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Skill formation in Britain and Germany: Recent developments in the context of traditional differences. CES Germany & Europe Working Papers, No.06.1, 2006

Steffen, Hillmert (2006) Skill formation in Britain and Germany: Recent developments in the context of traditional differences. CES Germany & Europe Working Papers, No.06.1, 2006. [Working Paper]

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    This paper proposes a comparison of skill formation in Germany and Britain over the last decades. Taking historical trends into account, the two cases can be regarded as representing different types of skill production regimes. Institu-tional features include a relatively low degree of standardization of training and a larger amount of on-the-job training in Britain. In Germany, post-compulsory training has been conducted predominantly within the dual system of vocational training, underlining the vocational specificity of a large part of the labor market. As a consequence, international differences in individual skill investments, transitions from school to work and other life-course patterns can be observed. At least in Britain, however, the situation seems to have changed considerably during the 1990s. The paper argues that the divergence in more recent developments can still be understood as an expression of historical path-dependency given the traditional connections between the post-compulsory training system and the broader societal context in which it is embedded. These concern, in particular, links with the system of general and academic education as the basis for – and also a possible competitor with – vocational training; links with the labor market as they are indicated by specific skill requirements and returns to qualifications; and, links with the order of social stratification in the form of the selective acquisition and the social consequences of these qualifications. The links manifest themselves as typical individual-level consequences and decisions. Founded on the basis of these distinctions, the aim of this paper is to investigate the preceding conditions for recent developments in the qualification systems of Britain and Germany, which have adapted to specific challenges during the last decades.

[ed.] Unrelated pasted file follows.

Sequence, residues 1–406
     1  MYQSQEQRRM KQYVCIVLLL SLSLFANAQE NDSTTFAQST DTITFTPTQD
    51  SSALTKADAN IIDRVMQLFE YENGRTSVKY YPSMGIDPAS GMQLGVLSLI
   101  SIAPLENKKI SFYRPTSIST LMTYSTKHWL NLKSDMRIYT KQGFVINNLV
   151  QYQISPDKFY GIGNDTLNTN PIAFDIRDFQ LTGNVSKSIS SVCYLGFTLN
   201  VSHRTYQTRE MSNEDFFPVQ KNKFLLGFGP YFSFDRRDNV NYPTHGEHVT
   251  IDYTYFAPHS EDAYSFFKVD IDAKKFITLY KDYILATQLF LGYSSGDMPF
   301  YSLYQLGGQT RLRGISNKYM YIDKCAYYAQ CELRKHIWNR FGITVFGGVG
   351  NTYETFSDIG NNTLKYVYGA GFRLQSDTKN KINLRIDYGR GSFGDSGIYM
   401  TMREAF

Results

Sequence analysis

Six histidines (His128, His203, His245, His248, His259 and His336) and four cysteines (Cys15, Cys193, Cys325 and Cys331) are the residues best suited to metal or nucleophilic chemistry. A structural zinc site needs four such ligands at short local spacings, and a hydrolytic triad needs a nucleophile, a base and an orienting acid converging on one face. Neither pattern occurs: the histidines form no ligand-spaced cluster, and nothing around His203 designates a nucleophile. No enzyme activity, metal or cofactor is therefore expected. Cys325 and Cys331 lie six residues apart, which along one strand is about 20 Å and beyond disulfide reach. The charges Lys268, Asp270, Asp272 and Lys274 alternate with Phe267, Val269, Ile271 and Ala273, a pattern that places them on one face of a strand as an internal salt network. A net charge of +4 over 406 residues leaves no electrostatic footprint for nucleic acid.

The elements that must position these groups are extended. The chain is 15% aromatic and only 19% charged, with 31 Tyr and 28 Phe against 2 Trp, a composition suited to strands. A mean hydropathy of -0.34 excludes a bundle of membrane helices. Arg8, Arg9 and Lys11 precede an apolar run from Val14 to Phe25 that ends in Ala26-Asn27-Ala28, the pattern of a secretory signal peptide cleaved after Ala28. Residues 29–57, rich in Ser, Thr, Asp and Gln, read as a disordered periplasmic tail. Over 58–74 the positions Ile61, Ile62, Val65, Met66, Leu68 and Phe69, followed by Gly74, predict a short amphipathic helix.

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    Item Type: Working Paper
    Subjects for non-EU documents: EU policies and themes > Policies & related activities > education policy/vocational training
    Countries > Germany
    Countries > U.K.
    Subjects for EU documents: UNSPECIFIED
    EU Series and Periodicals: UNSPECIFIED
    EU Annual Reports: UNSPECIFIED
    Series: Series > Harvard University, Center for European Studies > Program for the Study of Germany and European Working Papers Series
    Depositing User: Unnamed user with email
    Official EU Document: No
    Language: English
    Date Deposited: 22 Apr 2015 16:34
    Number of Pages: 23
    Last Modified: 22 Apr 2015 16:34

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